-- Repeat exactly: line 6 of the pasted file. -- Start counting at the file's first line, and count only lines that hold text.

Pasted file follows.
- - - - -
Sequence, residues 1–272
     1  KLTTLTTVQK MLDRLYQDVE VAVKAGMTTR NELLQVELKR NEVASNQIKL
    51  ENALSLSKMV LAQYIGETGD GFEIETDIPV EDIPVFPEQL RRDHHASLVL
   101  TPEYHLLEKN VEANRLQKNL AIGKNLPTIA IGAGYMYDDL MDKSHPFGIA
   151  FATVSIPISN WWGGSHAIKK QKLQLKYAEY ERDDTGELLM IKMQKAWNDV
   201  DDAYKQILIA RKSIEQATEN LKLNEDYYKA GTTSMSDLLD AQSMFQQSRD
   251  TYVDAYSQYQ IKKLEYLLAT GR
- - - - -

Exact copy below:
   201  DDAYKQILIA RKSIEQATEN LKLNEDYYKA GTTSMSDLLD AQSMFQQSRD